Monthly Archives: May 2007

More Portland

Oregon Convention Center, originally uploaded by borenan.

“Oregon Convention Center from the corner of Martin Luther King and Multnomah Blvd,” part of a Portland set from borenan.

A different view, coincidentally of the same statue and context, but by a different photographer, is below.

With several different batches of images coming from Portland, OR, it may be interesting to note that developments on that city’s MLK Blvd. have been the subject of some press attention this year. In January 2007, Willamette Week interviewed Anita Smith, owner of Hanna Bea’s. Excerpts:

When Smith took over one corner of the decaying boulevard at Northeast Shaver Street in 2002 for her dessert mecca and restaurant, “snobby skeptics” questioned the viability of her location, Smith says….

What was once considered financially risky seems far less so today; for example, the gentrification-friendly Terroir wine bar is scheduled to open on MLK in May.

The worry, Smith says, is that gentrification will push out black-owned businesses like hers. She can point to a history in Portland in which decades of racist real-estate practices limited black families to Northeast Portland.

The symbolism of the street’s name, of course, makes its redevelopment that much more important to African-American business owners like Smith.

“How’s it going to be MLK Boulevard without MLK businesses?” Smith asks. “If you have an MLK Boulevard, you have to have nice, respectable places that represent his culture.”


MLK & Holladay, originally uploaded by ray+an.

“Part of my photography final,” expains ray+an. (Her personal favorites set here; her blog Cardboard Condominium here.) “Statue on the corner of NE MLK & Holladay in Portland, OR. I like the effect the flag made with the slower shutter speed.”


Paulrus gives you MORE

Paulrus gives you MORE, originally uploaded by skomra.

Aaron Armstrong Skomra contributes this image from the MLK in Portland, OR. It’s also part of his sets Paulrus is Dead, and Portland Graffiti.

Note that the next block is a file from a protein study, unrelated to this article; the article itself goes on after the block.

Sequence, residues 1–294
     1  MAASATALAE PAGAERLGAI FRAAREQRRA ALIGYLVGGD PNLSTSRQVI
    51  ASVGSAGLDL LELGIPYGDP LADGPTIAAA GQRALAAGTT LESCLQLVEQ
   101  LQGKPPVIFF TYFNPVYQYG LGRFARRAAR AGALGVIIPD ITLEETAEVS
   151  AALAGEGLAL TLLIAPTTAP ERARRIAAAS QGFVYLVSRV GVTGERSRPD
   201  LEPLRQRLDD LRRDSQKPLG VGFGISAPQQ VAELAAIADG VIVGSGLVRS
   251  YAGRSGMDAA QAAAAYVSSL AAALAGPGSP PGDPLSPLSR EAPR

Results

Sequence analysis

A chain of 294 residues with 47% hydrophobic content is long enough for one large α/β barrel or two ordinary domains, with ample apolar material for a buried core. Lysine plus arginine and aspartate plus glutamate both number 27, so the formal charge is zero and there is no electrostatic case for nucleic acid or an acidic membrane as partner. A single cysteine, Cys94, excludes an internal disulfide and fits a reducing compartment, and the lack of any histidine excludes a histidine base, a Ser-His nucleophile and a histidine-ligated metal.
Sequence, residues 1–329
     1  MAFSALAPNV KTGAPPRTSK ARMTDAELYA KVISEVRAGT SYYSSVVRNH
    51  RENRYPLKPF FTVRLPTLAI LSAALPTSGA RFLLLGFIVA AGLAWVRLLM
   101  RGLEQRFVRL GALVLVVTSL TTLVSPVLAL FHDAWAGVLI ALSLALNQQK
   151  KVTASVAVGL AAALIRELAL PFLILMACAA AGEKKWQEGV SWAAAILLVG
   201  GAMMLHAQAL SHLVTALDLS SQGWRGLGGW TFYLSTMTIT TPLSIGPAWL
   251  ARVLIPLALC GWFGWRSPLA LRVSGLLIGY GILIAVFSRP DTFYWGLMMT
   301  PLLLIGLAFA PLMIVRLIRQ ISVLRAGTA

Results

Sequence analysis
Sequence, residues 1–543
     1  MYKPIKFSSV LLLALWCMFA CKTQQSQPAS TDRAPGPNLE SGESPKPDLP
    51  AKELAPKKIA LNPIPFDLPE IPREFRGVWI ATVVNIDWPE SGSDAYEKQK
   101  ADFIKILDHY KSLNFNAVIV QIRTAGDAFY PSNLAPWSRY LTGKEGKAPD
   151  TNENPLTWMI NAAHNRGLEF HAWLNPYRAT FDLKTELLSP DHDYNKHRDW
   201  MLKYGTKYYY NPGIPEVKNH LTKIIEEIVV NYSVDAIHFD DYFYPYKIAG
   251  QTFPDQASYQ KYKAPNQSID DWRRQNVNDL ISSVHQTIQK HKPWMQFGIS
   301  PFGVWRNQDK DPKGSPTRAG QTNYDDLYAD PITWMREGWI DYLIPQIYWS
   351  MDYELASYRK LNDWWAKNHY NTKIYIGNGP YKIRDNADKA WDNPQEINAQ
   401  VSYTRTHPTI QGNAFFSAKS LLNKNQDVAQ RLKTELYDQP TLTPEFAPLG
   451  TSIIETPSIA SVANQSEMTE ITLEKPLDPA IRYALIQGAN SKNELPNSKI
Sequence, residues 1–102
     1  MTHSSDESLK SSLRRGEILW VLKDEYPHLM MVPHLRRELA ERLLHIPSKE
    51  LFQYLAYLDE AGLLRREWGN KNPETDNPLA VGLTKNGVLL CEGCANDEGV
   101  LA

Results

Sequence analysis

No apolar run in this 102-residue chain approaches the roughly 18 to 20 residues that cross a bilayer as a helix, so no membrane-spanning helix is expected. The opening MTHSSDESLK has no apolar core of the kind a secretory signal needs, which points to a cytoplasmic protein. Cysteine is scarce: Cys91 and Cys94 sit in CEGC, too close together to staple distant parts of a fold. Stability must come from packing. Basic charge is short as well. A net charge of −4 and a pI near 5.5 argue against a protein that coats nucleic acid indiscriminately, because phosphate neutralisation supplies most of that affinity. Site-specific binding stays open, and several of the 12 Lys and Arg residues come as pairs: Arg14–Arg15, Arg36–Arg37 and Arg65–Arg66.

Mr. Skomra has been in Portland for about a year, and cautions that he thus has only impressions of the MLK there based on his own observations and local journalism. Still, his comments are interesting:

Portland is seeing a huge development boom and MLK is no exception. The Portland Development Commission would like to run a “streetcar ” (we already have a light rail and two other “streetcars”) up the MLK here which would surely increase the rate of the development in the area. The Boulevard runs through Northeast Portland, one of
Portland’s five “quadrants.” Northeast Portland is a different ball of wax. Suffice it to say that NE Portland was formerly predominantly African American and a number of
factors are causing more whites and Latinos to move into the area. I presume this will eventually change, in some way, the character of MLK, but I can’t really predict what
that change will be.

MLK is a business district more than a neighborhood. (There is a Neighborhood “King” which is adjacent to a part of MLK Blvd.) Most of the businesses are small, with some corporate chains, and a couple of flagship-type stores by Nike and Adidas. Unlike MLK in New York, which I lived close to for five years, most of the traffic is by car or bus. There isn’t much pedestrian traffic, though there are some establishments where people gather socially.

The picture I took was of the side of a building which has a small business. Interestingly enough, after I took the photo the owner (I presume it was the owner) removed the MORE graffiti but left the “Paulrus is Dead” tag.

Mr. Skomra has some interesting observations about photography in the digital on his profile page. (“There’s something wonderful about flickr in that all of the photos still seem to be random, you could chance upon anything, but now because images can be tagged they can also be easily retrieved from their randomness. The combination of order and disorder in the database rules.”)

Separately, regarding his own photography, he says: “Most of my photographs try and place the subject in some kind of larger context. In general, I’d rather have a photo
with too much information that seems cluttered than have a singular romanticized subject.” Often his photo setting is Northeast Portland.